"Afterwards we will still be like a bird in a cage but the cage will be bigger," he said. It is not easy. Suffering will continue. We will have to fight for every centimeter to increase the size of the cage," he said.
The overall pattern that emerged is that concern about the environment has been flat over the past two decades, and in some cases declined. For example, more Christians prioritized economic growth over protecting the environment in 2015 than they did in 1990.
Mullally’s gender pleases those seeking evidence of growing equality for women in the church — her predecessor Richard Chartres did not ordain women priests. But while she supports traditional church teaching on marriage being between a man and a woman, she is also said to be supportive of greater equality for gay people.
The report shows that anti-Semitic incidents spiked during and immediately following the Charlottesville protests that left one woman dead. President Trump ignited a political firestorm in the wake of the violence when he attributed “blame on both sides” — white supremacists, as well as those who marched against them.
Which is why, lastly, I am certain that the road to restored unity among Christians will not take another 500 years. The signs are all here.
Scores of clergy have signed their names to statements opposing the white nationalist groups’ values. They have planned community prayer vigils celebrating diversity and advocating for unity. And, ahead of [the] Oct. 28 protest, they have sent a strong message that hate is not a religious value.
Overall, giving to religious causes amounted to close to a third of all charitable giving in 2016, Giving USA says. Religious institutions received $122.94 billion that year, or 32 percent of charitable donations. That figure is more than double the amount received by educational institutions, the next highest sector within nonprofits, which garnered $59.77 billion.
The right of Jehovah’s Witnesses to adhere to their faith’s rejection of military service — they believe their allegiance is to God alone — is recognized in the U.S. and other Western countries. But Tajikistan has no law concerning conscientious objectors.
“A lot of times churches are trying to preserve the legacy of who founded the congregations founded long ago,” said Elizabeth Eaton, the presiding bishop of the ELCA. “When you try to hold on to something so tightly, you strangle it. Taking a risk while being faithful to the core message of grace is my advice.”
More than 60 years ago, the divinity school denied him admission because he is black. Speaking at a service in Goodson Chapel, he asked: “What is it that God would have Duke Divinity School do in light of that history? For if one is not honest about that history, one can’t be fully present.”
“I have a religion — but you will call it blasphemy,” he wrote in a letter in 1865. “It is that there is a God for the rich man but none for the poor … Perhaps your religion will sustain you, will feed you — I place no dependence in mine. Our religions are alike, though, in one respect — neither can make a man happy when he is out of luck.”
Yet this administration’s guidelines would allow businesses and government employees to pick and choose who they will serve. As a pastor, I have to ask: What religion champions spitting in people’s faces rather than turning the other cheek? How is God’s love shown through public humiliation, hate, or depriving LGBT people of a job or services?
The 2,000-year-old Coptic Church of Egypt has a long tradition of hallowing those who died affirming their faith in the face of violence.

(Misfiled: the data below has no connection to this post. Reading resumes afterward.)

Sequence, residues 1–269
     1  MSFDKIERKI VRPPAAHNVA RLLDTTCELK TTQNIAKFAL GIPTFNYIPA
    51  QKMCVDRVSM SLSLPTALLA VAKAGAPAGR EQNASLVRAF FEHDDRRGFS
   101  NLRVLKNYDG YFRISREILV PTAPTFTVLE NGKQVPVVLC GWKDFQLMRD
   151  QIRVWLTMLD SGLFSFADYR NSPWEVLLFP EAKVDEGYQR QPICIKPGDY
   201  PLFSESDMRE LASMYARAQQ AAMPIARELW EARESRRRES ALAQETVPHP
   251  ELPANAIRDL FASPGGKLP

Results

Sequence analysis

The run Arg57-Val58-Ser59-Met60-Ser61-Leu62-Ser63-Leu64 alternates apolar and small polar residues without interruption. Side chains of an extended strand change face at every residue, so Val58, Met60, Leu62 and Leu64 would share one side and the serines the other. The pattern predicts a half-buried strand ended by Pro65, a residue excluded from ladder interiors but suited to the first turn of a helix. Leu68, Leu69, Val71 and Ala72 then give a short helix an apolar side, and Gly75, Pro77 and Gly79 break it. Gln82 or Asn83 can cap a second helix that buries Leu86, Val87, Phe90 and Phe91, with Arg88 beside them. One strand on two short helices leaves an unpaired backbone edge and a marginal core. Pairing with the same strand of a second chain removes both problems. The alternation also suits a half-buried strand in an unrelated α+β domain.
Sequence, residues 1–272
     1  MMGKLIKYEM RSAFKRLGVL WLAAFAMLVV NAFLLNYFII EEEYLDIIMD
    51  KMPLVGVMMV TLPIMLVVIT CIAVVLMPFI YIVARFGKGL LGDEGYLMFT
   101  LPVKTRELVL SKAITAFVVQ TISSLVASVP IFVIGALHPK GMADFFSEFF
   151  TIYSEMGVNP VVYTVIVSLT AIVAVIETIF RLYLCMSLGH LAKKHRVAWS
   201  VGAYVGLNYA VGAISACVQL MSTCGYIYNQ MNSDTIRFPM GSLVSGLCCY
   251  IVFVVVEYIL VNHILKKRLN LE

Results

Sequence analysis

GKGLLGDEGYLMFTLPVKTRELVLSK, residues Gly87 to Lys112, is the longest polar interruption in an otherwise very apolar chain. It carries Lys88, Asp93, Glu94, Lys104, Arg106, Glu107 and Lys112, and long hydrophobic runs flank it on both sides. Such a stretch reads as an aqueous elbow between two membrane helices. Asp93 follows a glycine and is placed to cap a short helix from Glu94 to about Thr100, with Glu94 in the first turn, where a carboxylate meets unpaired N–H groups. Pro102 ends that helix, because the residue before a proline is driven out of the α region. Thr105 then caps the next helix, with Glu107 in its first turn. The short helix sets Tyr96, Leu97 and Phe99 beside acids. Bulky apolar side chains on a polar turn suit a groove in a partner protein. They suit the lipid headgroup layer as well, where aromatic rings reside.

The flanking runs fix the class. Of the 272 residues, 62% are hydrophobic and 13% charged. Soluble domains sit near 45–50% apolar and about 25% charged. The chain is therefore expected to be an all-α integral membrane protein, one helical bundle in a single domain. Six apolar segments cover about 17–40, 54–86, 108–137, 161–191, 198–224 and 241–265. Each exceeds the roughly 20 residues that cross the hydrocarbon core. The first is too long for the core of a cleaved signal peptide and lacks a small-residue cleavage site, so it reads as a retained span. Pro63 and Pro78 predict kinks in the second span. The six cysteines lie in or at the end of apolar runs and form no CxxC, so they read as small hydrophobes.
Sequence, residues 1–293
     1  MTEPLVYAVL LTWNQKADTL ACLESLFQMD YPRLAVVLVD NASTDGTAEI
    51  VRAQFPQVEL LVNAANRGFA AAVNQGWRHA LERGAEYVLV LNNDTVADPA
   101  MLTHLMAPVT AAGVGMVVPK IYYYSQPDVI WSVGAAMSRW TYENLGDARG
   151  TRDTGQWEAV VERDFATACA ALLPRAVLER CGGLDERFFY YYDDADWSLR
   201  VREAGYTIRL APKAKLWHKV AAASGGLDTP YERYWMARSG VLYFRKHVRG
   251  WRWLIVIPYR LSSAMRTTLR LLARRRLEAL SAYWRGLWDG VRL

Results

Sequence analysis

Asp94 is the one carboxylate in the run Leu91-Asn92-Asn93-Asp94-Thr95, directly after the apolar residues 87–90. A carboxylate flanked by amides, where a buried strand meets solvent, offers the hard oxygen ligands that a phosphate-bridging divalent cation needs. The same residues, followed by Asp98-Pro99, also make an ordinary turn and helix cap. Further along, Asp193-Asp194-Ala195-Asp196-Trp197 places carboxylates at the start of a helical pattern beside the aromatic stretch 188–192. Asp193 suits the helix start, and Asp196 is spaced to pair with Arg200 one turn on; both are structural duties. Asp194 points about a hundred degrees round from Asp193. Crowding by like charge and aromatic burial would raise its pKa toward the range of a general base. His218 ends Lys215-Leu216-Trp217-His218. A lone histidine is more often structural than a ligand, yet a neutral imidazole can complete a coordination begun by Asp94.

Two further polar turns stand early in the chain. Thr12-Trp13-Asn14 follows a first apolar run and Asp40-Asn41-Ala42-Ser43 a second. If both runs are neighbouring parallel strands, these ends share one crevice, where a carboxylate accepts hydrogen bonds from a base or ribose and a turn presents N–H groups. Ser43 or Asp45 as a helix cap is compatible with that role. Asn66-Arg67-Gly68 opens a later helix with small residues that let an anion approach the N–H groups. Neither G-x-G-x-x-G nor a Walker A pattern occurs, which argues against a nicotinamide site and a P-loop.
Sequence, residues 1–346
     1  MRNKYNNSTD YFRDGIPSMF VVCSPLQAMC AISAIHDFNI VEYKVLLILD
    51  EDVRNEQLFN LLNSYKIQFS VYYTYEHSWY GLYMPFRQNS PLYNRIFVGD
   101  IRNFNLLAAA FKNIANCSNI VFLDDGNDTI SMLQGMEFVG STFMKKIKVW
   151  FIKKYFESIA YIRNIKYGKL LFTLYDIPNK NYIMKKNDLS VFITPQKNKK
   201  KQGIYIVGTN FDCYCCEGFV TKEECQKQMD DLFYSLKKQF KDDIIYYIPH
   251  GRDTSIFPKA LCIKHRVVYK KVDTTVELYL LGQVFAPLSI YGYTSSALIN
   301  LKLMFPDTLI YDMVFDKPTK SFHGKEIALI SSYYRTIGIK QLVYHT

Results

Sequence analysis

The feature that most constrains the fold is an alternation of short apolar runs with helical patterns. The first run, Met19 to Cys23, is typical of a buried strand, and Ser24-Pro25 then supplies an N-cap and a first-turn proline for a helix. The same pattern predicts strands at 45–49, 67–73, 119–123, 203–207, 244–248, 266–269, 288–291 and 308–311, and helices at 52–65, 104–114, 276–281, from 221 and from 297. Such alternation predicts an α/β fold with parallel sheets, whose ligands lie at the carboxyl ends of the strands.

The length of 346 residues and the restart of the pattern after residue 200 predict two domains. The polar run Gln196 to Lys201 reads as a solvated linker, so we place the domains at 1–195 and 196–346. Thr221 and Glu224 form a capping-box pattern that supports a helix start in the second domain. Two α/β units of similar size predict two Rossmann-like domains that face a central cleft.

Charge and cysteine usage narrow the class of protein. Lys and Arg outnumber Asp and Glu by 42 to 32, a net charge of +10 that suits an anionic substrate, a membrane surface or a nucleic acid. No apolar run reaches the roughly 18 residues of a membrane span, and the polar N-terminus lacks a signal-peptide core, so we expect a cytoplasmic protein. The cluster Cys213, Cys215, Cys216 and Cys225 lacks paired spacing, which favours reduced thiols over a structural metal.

But the group that calls itself the Islamic State has launched waves of attacks on the Coptic community in recent years – claiming at least 70 lives and wounding scores of others – an unrelenting assault that has opened a debate in the community about martyrdom.
As the Trump administration continues to enforce a travel ban affecting six Muslim-majority and other countries, a Pew Research Center report tracking the influx of displaced people finds that 47 percent of refugee arrivals in fiscal 2017 were Christian and 43 percent were Muslim.
Mike Pence is following President Trump, but he is utterly failing at following Jesus.
Mike Pence’s actions during the football game had nothing to do with the love and justice Jesus calls his followers to strive for.
“We always know we need God,” he said, walking back and forth by an elevated slender podium, a microphone headset catching his every word. “But if there ever was a week when we really know we need God, this has been that week.”
Seven days ago — though most people here said it felt much longer — Stephen Paddock shot hundreds of people from the 32nd floor of the Mandalay Bay Hotel before shooting himself. Fifty-eight people were killed — most of them tourists — and almost 500 were wounded.
Starting in the suburb of Ruiru, about 19 miles north of Nairobi, the train for the past five years has informally hosted a growing number of self-styled pastors and a makeshift, moving congregation eager to hear the gospel.
At least two coaches turn into “churches” each day, with Christians singing, dancing, and clapping as they prepare for a short sermon during the one-hour journey.
How would you describe Clinton’s faith? What are your impressions of her religious and spiritual life?
She’s a very deeply committed Christian. I know many people are critical of that and don’t believe it, but in my heart of hearts, from the conversations that we have had and from the good that she does, she’s a deeply committed disciple of Christ. And she’s a good Methodist. Methodists don’t talk about their faith very much. She doesn’t wear her religion on her sleeve, but I know that she practices it and she has spiritual disciplines, including reading the Scriptures every day and praying every day. People aren’t going to want to believe that, but it is true.